September 23rd, 2009

We don’t dine out often, but now that the summer crowd has left, we’ve treated ourselves to a few meals at local restaurants. My guests and I are all good cooks, and what we usually choose to prepare at home is different from the restaurant menu dishes that we sometimes crave. Perfectly battered, deep-fried seafood and stuffed squash blossoms are tricky at home, and we’re happy to patronize casual places that serve these delectations. Besides,once in a while, it’s nice to let someone else clear the table.

But the demeanor of our servers marred the experience of our two most recent restaurant meals. On both occasions the issue was one of etiquette. In each restaurant, I’d placed more than enough cash on the table to cover the register receipt for a meal we’d just enjoyed. And each time, as our server picked up the cash, she asked, “D’ you want change?” In both instances, I felt I’d just been deprived of a satisfying meal.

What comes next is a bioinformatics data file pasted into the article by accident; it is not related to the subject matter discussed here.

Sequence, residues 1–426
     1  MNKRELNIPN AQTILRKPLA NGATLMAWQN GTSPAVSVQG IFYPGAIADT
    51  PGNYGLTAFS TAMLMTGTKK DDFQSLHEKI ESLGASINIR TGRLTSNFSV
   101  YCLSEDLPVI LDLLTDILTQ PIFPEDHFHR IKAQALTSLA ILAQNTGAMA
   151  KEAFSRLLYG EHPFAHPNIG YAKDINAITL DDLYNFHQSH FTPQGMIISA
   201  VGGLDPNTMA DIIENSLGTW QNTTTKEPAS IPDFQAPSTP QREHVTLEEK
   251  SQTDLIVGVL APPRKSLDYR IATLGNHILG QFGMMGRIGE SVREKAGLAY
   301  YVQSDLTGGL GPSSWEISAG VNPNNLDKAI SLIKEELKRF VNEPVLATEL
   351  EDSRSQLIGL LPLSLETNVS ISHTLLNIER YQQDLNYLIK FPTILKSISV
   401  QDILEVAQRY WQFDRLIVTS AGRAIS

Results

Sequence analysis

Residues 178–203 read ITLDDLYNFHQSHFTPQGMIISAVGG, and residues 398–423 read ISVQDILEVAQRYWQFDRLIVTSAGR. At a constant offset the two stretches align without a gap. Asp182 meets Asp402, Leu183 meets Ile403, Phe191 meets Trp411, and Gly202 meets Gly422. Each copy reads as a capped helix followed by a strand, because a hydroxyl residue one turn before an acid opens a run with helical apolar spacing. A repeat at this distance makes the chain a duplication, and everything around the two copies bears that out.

At one restaurant, the change due from our lunch tab would have topped thirty percent. At the other, the remainder would have been barely six percent. Of course, I have to ask myself if the servers’ expectations might also have been different. Perhaps our fellow luncheon patrons—many of whom sported hair-gel and gold chains—were lavish tippers. At the other, a burger-and-fries sports bar, our very young server (who might have just moved up from washing dishes) could have considered six percent to be just fine. We may never know.

Nevertheless, I’m thinking that in the future I might bring a little tent-sign to put on my table. It would say something like “Change is good.” or ” Caution: Tipping Point! ”

Several years ago while waiting for a European flight at JFK, I ordered a couple of beers for myself and my travelling companion at a bar in the passenger lounge. When our server presented our drinks, I handed her a ten-dollar bill for two three-dollar beers. Smirking, she said, “You don’t want change, do you?”

I was as appalled then as I am now, but back then we just chuckled and said, “Ahh, that’s why we love New York…” Back then, it made a good story. But now, it just seems coarse.

I hereby give notice to restaurateurs: We’ve passed the autumnal equinox, and it’s time for a little seasonal shape-up. The days are shorter, the nights crisper. Change is in the air.

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